My client grasps wildly for options, finding each insufficient. I stand back holding space, ready to support and willing to encourage. Amazingly, she reached this state about half an hour into our first coaching session! After some deep breaths, she tries again. She reaches a small foothold she had not noticed in her frustration and makes an improbable move. Elation overcomes fear. She celebrates at the top of the climb. Then, lowering back to the ground, she does not want to let go of the rope. She hates the feeling of being lowered by someone else, without control. Where to begin?
53% of your employees are looking for new jobs right now. Gallup finds 71% of millennials are disengaged in your workplace, and it won’t be long until most workers are from this generation! Perhaps you even fall into one of these categories? Certainly, you have found yourself in the disengaged camp off and on over the years. This seems dismal, and I have good news and bad news. The bad news first. This is not going to change! In today’s gig economy, supporting a new generation who values purpose over security, employees will not put up with lackluster workplaces.
Tis the season…of shopping lists, Elf on the Shelf, and hours in the kitchen cooking up goodies. But what does this holiday frenzy have to do with leadership? This special time of year provides leaders a chance to shine, or be the Grinch, and trust me being labeled the Grinch not only hurts personally, it impacts the bottom line!
Thank you to local realtor Thomas Nelson for hosting me on his podcast postcards from success. We did this video cast during a short family hike down the beach at Torrey Pines State Park. Time outside makes us better people and better people make better leaders! Check it out at the link below!
We cover why the outdoors makes better leaders, finding joy in what you do, and being authentic no matter what!
Yes, our new daughter is cute and beautiful, and I am asking you to go beyond those compliments because she is so much more. As I begin this journey of fatherhood, I would like to offer some ways you can help us raise a confident woman. With this said, I realize I have much growth ahead of me as a father and human being. I offer this to begin a conversation to spark that growth.
We instinctively compliment children. That’s OK, but compliments are double edged swords. Humans become addicted to these compliments which eventually influence our character. I fear that hearing a constant refrain of “beautiful” will cause our daughter to fixate on her appearance. I worry that “ladylike” will make her assume she needs to fill the traditional roles of a woman to be accepted. I think that “princess” will confine her imagination to gowns and discourage her from building Lego cities and helping me change our car oil. On the other hand, compliments such as courageous can become reality when she needs to dig deep in tough situations. I am thinking long and hard about how to share my appreciation for our daughter in an empowering way. I am going to need a lot of help along the way!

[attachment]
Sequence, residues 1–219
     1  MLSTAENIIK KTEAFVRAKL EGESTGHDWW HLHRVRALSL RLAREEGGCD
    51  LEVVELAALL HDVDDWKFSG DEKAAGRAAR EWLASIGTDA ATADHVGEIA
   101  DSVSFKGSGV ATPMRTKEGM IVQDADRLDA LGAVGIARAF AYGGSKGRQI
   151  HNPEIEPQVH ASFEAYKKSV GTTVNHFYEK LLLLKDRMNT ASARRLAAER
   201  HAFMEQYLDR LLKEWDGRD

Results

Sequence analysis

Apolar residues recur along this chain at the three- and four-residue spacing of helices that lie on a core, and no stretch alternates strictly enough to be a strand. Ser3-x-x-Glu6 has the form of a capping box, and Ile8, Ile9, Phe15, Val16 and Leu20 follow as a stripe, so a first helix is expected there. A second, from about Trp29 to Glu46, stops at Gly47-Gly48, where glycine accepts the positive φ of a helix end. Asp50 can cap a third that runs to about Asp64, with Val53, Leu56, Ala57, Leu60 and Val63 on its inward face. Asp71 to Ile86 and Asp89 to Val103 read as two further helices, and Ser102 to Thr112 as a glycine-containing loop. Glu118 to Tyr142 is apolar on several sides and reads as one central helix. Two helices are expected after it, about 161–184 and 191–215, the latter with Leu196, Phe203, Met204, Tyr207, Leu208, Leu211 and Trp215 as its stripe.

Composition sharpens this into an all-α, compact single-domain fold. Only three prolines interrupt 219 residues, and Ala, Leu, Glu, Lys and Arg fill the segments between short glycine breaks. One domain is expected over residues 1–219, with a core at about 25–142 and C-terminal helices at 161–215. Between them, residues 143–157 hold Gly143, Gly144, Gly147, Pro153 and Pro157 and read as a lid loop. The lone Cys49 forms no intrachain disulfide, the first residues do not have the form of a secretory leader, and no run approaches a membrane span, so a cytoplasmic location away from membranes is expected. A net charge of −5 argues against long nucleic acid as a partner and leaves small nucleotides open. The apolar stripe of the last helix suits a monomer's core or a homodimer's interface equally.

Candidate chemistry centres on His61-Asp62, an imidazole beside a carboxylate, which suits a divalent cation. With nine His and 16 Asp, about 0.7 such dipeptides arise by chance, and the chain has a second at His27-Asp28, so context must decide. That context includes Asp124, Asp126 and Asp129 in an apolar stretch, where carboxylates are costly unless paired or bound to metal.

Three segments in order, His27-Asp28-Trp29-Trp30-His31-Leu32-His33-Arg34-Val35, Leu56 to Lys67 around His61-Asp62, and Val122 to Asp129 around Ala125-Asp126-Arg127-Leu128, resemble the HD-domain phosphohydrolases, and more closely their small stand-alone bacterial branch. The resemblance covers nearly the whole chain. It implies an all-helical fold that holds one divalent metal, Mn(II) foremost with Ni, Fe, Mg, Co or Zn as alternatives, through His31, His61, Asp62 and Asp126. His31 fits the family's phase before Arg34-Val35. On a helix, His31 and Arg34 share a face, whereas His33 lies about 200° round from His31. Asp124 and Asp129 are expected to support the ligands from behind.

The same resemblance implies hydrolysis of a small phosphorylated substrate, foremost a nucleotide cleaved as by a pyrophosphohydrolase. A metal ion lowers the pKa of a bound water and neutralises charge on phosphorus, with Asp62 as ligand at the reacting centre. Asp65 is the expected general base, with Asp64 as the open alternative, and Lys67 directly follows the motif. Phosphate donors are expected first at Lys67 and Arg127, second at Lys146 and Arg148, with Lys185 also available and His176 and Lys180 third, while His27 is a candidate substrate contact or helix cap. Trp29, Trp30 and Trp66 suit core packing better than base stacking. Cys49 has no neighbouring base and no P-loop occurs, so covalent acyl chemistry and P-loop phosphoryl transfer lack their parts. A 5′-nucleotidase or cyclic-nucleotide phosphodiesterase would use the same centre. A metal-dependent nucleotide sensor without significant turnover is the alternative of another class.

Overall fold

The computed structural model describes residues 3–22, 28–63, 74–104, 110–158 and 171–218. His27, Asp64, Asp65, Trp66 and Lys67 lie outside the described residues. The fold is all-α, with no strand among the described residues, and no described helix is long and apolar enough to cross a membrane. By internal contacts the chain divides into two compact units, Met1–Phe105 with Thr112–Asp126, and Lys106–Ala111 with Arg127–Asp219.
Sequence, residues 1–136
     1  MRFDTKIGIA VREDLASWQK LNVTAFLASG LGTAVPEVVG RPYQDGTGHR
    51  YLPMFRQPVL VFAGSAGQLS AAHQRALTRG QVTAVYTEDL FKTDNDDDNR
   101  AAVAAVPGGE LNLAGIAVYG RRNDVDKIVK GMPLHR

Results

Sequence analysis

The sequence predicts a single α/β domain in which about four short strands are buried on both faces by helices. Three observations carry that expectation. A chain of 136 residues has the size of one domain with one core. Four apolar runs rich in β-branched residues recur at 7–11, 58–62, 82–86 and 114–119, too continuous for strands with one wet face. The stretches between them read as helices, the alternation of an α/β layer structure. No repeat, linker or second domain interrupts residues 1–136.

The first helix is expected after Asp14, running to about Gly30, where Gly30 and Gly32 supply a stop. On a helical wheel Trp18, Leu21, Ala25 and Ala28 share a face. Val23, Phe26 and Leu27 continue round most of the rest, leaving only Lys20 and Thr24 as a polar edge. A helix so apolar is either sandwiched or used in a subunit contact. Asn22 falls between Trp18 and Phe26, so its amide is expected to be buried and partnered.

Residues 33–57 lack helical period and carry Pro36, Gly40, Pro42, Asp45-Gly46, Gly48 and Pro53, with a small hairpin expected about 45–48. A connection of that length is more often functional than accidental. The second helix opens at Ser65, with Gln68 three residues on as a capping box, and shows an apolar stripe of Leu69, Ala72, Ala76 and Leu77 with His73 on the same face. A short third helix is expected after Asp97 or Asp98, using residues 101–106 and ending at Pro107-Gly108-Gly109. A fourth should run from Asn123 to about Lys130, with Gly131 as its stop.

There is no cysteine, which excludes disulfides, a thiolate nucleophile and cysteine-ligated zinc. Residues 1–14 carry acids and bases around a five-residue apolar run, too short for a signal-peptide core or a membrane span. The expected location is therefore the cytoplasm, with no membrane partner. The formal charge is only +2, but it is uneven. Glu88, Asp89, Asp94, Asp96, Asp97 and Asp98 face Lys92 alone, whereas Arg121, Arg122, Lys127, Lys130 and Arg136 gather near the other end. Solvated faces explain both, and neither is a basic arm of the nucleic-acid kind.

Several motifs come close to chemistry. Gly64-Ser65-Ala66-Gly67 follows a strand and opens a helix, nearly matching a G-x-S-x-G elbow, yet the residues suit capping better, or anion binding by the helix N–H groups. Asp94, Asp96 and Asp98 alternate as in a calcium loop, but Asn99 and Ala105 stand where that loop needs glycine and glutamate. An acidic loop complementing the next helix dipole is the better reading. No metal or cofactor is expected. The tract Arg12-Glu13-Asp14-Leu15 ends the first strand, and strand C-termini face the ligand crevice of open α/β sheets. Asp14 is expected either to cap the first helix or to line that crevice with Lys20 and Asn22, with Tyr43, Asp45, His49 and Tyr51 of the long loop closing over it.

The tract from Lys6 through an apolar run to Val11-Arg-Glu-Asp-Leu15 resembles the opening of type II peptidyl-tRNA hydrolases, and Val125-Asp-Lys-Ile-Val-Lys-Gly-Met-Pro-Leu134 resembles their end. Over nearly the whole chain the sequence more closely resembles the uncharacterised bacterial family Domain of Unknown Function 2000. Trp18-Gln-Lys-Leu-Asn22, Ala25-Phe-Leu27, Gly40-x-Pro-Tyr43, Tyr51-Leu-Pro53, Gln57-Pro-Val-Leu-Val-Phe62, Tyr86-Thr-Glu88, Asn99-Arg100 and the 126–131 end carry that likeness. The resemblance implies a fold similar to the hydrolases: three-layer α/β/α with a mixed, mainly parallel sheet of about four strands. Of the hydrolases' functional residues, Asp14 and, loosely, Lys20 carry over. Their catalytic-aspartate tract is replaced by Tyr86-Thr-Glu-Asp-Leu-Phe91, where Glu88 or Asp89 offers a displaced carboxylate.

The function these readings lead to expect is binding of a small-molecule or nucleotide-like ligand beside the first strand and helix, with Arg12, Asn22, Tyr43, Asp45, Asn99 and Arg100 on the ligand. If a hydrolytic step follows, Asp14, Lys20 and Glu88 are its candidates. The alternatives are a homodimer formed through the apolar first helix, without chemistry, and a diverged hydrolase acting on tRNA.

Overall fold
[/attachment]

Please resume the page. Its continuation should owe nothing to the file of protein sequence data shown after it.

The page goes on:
First, what to avoid.
Let’s start with cute. As a test, imagine people describing you that way. “Oh look at Jim, he is soooo cute.” Demeaning right? Just let that one go.
Next up is pretty, beautiful, and other variations. This is going to be hard, because she is stinking gorgeous. However, that’s only a tiny part of what makes her an amazing human. If we fixate on that tiny part, so will she. If you simply must say something, and I don’t blame you because I am always watching her beauty in wonder, put a little more thought into it. Notice her smile or the buoyant way she runs around playing and tell her you appreciate those things. Bottom line, use superficial praise sparingly and provide a compliment with substance concurrently.
Then there’s good girl. Sounds like I am talking to my dog Nali, right? Well, probably because I am. I want my daughter to be a virtuous girl, if that’s what you mean — a woman of strong character, trustworthy, fierce, courageous — but you probably mean “oh isn’t it nice that she is quiet and listens to her parents.” I hope she will listen to us out of respect. At the same time, I want her to question authority, think critically about everything around her, and, when she has good cause to rage against the world, not be a good girl.